Madam Choy’s Cantonese Recipes
- About the Author
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Having turned 85 years old this year, Madam Choy has a collection of Cantonese recipes which she has kept from newspapers and magazines over the last fifty years—all of them fondly adapted to her own style. Born in a well-to-do family in Seremban, she didn’t really have a chance to cook until she was married at 16 and came to Singapore. Her love for cooking grew only in 1957, when she moved to a bigger house with a large kitchen of her own.
As someone who has a discerning tongue, Madam Choy often taught her children the language of food tasting. Texture and fragrance were as important as food to taste. Noodles should be darn ngah “spring off the teeth”. Fried dishes must have wok hei (“breath of the wok”). More such Cantonese terms can be found in the book.
To Madam Choy, cooking is more art than science. Nothing is measured and every ingredient is added by instinct. After fifty years of tasting and trying, she has more than ninety recipes ready to share. Some of the Cantonese recipes in the book range from the higher-end ones such as Abalones in Oyster Sauce, Bird’s Nest Chicken Soup, and Cordyceps soup, to simpler ones such as Bitter Gourd Omelette, Potato Cakes, and Salt Baked Chicken.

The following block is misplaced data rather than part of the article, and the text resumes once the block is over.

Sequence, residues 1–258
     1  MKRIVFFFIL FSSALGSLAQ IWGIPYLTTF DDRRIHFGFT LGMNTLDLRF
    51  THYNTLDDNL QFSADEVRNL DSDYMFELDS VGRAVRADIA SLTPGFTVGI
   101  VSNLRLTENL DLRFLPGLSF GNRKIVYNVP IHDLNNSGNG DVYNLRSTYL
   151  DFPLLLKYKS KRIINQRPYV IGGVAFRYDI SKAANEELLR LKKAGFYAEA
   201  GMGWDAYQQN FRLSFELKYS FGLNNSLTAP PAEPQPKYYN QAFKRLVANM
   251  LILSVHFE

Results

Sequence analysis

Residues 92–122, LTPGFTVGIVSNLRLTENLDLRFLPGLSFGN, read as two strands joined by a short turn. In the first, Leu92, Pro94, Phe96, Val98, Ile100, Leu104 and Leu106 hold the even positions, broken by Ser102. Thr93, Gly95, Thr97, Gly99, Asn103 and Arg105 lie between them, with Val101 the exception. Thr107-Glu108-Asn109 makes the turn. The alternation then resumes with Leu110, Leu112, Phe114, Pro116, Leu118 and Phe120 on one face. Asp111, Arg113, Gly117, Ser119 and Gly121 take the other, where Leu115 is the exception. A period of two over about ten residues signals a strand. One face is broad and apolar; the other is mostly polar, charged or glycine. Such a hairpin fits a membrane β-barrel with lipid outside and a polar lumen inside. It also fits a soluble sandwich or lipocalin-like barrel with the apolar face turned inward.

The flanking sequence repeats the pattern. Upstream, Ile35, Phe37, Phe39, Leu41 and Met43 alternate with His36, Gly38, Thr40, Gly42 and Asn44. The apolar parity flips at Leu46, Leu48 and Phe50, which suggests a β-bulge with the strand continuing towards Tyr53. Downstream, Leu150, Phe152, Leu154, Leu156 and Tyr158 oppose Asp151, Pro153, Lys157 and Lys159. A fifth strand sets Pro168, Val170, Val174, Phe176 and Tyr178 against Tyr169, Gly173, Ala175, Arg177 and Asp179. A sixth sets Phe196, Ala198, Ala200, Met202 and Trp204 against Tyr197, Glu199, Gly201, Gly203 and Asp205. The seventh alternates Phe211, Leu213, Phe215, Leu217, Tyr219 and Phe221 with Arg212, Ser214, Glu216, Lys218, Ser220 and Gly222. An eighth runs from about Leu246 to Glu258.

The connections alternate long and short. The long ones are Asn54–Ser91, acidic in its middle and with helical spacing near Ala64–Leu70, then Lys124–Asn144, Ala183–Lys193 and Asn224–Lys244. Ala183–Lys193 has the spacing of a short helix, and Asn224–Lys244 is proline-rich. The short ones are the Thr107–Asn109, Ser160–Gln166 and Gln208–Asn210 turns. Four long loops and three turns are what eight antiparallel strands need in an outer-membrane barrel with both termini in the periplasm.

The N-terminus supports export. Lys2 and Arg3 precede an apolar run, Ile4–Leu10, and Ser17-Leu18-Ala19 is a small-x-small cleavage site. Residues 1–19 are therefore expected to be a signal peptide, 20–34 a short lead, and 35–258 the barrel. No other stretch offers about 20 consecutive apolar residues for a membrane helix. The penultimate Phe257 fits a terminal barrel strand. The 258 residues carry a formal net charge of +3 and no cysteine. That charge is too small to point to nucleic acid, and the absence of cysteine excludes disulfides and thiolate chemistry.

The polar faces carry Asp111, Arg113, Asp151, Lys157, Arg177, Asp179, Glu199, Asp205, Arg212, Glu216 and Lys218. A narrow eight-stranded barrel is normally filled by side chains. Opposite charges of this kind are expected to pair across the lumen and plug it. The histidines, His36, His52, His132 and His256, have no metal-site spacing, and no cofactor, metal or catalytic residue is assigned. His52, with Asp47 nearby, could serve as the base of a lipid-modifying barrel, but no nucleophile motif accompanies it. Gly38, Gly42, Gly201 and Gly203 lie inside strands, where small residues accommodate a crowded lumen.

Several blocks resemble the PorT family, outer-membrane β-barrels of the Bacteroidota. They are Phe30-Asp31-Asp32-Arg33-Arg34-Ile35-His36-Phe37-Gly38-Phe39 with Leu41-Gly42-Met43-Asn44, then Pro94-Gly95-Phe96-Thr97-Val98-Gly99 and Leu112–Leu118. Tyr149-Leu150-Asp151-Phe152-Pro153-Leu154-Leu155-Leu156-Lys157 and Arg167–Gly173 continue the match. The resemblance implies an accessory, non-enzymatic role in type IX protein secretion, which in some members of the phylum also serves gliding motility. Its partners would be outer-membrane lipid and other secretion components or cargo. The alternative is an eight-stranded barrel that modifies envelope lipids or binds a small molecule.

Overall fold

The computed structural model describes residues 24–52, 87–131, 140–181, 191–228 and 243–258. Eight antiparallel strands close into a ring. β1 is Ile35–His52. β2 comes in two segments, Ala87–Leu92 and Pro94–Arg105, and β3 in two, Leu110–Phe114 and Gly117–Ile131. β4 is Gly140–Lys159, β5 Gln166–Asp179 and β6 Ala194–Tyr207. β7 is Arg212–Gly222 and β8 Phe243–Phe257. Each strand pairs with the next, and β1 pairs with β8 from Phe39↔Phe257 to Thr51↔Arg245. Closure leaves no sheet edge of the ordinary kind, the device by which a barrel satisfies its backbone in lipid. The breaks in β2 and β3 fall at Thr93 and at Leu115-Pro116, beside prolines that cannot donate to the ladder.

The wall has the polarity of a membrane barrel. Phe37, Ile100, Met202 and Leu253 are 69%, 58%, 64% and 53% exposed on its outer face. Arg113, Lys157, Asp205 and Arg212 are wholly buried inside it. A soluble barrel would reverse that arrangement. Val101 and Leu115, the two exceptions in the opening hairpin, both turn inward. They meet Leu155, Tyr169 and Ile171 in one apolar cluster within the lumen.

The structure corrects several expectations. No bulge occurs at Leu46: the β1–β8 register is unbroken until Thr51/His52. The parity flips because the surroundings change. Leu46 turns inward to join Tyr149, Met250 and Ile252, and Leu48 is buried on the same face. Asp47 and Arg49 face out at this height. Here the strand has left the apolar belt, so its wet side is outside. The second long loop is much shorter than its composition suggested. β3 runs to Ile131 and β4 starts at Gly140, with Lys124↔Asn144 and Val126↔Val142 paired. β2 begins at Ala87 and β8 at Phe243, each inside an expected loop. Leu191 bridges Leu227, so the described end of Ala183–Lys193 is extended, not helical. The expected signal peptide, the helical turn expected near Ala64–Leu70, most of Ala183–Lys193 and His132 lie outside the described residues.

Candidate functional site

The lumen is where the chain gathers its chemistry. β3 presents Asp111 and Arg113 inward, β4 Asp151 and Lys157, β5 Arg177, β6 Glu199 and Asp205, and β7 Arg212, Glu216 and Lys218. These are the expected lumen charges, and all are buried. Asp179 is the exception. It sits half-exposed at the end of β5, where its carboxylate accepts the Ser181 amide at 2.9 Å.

This book of Cantonese recipes is compiled with the help of Madam Choy’s daughter, Lulin Reutens.
This third revised edition has been updated with the addition of seven new mouth-watering recipes, including Eight Treasures Beancurd and Braised Pork Belly in Dark Soya Sauce.
Madam Choy’s Cantonese Recipes is part of Epigram Books’ award-winning Heritage Cookbook series, which showcases the best of Singapore’s major cuisines through authentic family recipes.
“She is no culinary doyen, but with more than 50 years of cooking experience, avid home cook Choy Wai Yuen, 85, has amassed a wealth of recipes.”
—The Straits Times
“Ms Lulin Reutens is known to wield the pen better than the pan, but she took the trouble to diligently archive those recipes and test them out.”
—The New Paper
“In other words, it’s comfort food the likes of which you won’t find Jamie or Delia writing about. And it’s all the better for it.”
“Like the journalist that she is, Ms Reutens, the late Madam Choy’s daughter, makes the recipes so short, sweet and simple that they are so easy to follow.”
Lulin Reutens worked as a journalist for The Straits Times for over 20 years and subsequently as an editorial consultant and writer for 16 years before retiring in 2010. She loves the outdoors and has at different times been passionate about water-skiing, scuba diving and mountain trekking. An eager home cook and baker, she enjoys feeding family and friends—she once made brownies at Everest base camp at 5,300m for the sherpas. Her son is the owner and chef of a restaurant in Manhattan, but no, she does not help with the cooking there.
Cover Type: Flexibound
Page Count: 148
Year Published: 2012
Size: 125 x 220mm